[¶11]   Initially, we note that Leyva's challenge to the district court's suppression ruling is premised on both Article 1, § 4 of the Wyoming Constitution and the Fourth Amendment to the United States Constitution.  However, the state constitutional argument presented by Leyva does not constitute a "precise, analytically sound approach" required for this Court to undertake an independent state constitutional analysis.  See Feeney, ¶ 11, 208 P.3d at 53; Vassar v. State, 2004 WY 125, ¶ 14, 99 P.3d 987, 993 (Wyo. 2004); Morgan v. State, 2004 WY 95, ¶ 20, 95 P.3d 802, 808 (Wyo. 2004).  Essentially, Leyva's argument is disjointed and consists of little more than a recitation and summary of passages from Vasquez v. State, 990 P.2d 476 (Wyo. 1999), and O'Boyle v. State, 2005 WY 83, 117 P.3d 401 (Wyo. 2005), and an assertion, unsupported by any cogent analysis, that his continued detention was constitutionally unreasonable.  We therefore decline to consider it.


[¶12]   We now switch our attention to whether Leyva's continued detention for a canine sniff of his vehicle violated the Fourth Amendment.  The law is well settled that a law enforcement officer may detain a motorist if the officer has an objectively reasonable suspicion that the person is engaged in criminal activity.  Barch v. State, 2004 WY 79, ¶ 9, 92 P.3d 828, 832 (Wyo. 2004); Damato v. State, 2003 WY 13, ¶ 13, 64 P.3d 700, 706 (Wyo. 2003); see also United States v. Williams, 271 F.3d 1262, 1268 (10th Cir. 2001).  The existence of objectively reasonable suspicion of criminal activity is determined by evaluating the totality of the circumstances.  Damato, ¶ 16, 64 P.3d at 707.  The "whole picture" must be considered; "[c]ommon sense and ordinary human experience are to be employed, and deference is to be accorded a law enforcement officer's ability to distinguish between innocent and suspicious actions."  Id. (citing United States v. Wood, 106 F.3d 942, 946 (10th Cir. 1997)).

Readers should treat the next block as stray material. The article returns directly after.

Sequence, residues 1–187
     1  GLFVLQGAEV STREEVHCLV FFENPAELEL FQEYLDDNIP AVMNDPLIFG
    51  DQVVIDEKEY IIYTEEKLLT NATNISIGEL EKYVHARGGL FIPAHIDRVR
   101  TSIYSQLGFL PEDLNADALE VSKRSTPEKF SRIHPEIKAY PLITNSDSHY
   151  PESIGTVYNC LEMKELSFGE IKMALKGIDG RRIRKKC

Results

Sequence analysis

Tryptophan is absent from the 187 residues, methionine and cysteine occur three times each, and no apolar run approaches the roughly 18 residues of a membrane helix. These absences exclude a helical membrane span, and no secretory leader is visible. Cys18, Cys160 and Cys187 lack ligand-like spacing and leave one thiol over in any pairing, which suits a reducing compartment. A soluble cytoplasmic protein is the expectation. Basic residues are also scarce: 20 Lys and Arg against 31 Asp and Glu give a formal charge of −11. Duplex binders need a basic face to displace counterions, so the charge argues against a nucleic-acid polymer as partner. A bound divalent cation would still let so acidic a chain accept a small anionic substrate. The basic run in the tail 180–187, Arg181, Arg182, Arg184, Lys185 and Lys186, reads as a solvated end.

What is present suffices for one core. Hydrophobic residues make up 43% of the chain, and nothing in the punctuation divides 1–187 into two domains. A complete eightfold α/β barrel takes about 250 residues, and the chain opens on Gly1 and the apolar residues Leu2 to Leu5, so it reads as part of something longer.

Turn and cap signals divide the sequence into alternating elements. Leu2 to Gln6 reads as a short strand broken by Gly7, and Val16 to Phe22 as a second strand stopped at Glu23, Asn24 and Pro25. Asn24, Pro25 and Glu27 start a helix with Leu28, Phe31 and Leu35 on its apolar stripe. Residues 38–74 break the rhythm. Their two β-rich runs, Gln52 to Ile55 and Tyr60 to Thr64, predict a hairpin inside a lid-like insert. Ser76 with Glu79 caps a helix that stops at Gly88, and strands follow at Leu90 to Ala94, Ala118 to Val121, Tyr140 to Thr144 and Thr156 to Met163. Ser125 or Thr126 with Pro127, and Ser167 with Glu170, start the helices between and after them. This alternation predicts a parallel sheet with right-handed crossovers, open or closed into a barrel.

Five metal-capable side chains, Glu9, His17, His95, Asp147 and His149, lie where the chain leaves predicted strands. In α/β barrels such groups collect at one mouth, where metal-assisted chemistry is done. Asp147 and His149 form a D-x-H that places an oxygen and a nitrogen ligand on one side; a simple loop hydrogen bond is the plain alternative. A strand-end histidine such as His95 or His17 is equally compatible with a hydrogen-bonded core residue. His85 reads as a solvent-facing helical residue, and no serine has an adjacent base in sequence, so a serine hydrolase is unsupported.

[¶13]   Looking at the whole picture, along with rational inferences, we agree with the district court's legal conclusion that Trooper Eldred possessed reasonable suspicion to detain Leyva.  The factors supporting the trooper's reasonable suspicion included: Leyva's reluctance to pass the patrol car even though Trooper Eldred slowed his traveling speed to well below the posted speed limit; the strong odor of air freshener; the inability of Leyva and the passenger to provide the name of the uncle whose funeral they supposedly attended; the inconsistent answers provided by Leyva and his passenger concerning when they departed from Casper for the uncle's funeral, their dating history, and Leyva's place of residence; and Leyva's visible nervousness during the stop.  Although any of these factors alone may not have justified the detention, we believe in the aggregate they provided Trooper Eldred with an objectively reasonable basis for suspecting that criminal activity was afoot, thus warranting Leyva's further detention pending the arrival of the canine unit.  Accordingly, we hold that the detention did not violate the Fourth Amendment to the United States Constitution and that, consequently, the district court properly denied Leyva's motion to suppress.



[¶14]   Affirmed.